Atlantic World

121 Wall Street | Library Home | Hours

Holograph journal of a voyage to Martinique of the three-masted ship Le Diligent. Probably not an official log, the journal was written by First Lieutenant Robert Durand and describes in detail a voyage from Vannes, France, to the coast of Guinea, each slave trade port encountered on the coast, purchase of 256 slaves at Jacquin, voyage to Martinique, selling of the slaves at St. Pierre, and return to Vannes. Also described are conditions of trade in the African and Caribbean ports, dealings between slave traders and kings and chiefs, prices of provisions, competition among slave traders, effects of climate and disease, and expenses and revenues of the voyage.

New Haven resident William H. Townsend made pen-and-ink sketches of the Amistad captives while they were awaiting trial. Twenty-two of these drawings were given to Yale in 1934 by Asa G. Dickerman, whose grandmother was the artist’s cousin. Townsend, who was about 18 years old when he made the drawings, is buried in the Grove Street Cemetery in New Haven, Connecticut, beside the Yale University campus.

120 High Street | Reading Room Home | Hours

Correspondence, sermons, speeches, missionary reports, writings, and printed matter of approximately three hundred nineteenth-century black abolitionists, documenting their activities in the United States, Canada, England, Ireland, and Scotland. The collection consists of 17 microfilm reels, drawn from numerous international archives. This collection is also available online.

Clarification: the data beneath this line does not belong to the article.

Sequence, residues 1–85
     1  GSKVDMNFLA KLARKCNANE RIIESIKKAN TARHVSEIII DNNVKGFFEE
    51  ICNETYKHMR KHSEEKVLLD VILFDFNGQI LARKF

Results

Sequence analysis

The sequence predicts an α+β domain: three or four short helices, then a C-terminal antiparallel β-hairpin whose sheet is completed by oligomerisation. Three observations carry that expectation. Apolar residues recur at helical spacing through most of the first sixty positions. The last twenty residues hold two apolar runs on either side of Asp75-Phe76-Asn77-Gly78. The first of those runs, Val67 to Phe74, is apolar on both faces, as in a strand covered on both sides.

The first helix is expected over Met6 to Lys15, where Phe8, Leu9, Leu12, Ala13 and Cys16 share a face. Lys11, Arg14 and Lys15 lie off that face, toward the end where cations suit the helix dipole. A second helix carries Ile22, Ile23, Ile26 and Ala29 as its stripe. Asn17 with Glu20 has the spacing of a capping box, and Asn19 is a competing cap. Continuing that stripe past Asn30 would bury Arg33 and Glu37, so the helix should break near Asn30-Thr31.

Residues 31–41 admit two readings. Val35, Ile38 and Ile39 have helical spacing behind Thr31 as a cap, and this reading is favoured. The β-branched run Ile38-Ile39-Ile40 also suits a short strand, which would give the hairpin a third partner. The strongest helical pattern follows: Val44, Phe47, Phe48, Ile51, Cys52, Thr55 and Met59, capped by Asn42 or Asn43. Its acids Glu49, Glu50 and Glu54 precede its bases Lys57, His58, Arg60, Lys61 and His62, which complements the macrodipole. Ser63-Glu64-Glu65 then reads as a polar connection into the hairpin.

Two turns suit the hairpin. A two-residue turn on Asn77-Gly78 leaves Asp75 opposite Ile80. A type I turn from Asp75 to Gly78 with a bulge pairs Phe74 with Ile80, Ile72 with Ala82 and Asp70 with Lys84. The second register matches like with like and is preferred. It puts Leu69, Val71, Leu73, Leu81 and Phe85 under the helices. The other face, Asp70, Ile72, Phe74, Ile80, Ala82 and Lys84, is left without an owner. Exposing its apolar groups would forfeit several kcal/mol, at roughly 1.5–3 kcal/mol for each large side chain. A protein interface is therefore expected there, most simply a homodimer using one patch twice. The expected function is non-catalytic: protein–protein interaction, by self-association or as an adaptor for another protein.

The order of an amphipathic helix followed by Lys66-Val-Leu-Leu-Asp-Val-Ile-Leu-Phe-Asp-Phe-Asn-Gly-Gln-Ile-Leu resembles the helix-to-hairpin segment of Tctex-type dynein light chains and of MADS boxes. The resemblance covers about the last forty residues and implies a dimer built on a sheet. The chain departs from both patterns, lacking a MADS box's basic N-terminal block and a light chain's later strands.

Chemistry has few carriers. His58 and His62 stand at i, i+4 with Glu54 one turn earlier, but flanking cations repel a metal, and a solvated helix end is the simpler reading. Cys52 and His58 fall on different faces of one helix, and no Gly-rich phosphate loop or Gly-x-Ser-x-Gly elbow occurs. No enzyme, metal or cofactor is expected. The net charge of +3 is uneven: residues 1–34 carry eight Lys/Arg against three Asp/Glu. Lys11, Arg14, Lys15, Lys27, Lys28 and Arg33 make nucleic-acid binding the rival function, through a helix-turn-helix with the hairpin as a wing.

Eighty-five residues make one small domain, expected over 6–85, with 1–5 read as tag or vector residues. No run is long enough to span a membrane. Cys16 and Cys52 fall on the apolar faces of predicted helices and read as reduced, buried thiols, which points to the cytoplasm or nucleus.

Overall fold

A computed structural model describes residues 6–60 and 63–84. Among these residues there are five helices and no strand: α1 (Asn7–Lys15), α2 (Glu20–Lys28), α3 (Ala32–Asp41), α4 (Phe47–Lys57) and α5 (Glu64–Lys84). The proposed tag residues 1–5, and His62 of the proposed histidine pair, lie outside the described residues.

409 Prospect Street | Library Home | Hours

This newspaper was printed by students at the Mendi Mission in Sherbro, West Africa, beginning in March 1861. Established by American abolitionists in the wake of theAmistad slave revolt, the Mendi Mission served as a bridge connecting the struggle against slavery across two continents. The Divinity Library also holds a rare copy of the Sherbro and English Book published by the mission in 1862.

1111 Chapel Street | Gallery Home | Hours

The Greek Slave, by Hiram Powers, was the single most celebrated work of sculpture in nineteenth-century America. Its pose—inspired by the well-known Medici Venus—represents a Christian girl captured by the Turks during the Greek War of Independence, for sale in the slave market of Constantinople. The statue inspired an outpouring of prose and poetry and became an anti-slavery symbol for abolitionists.

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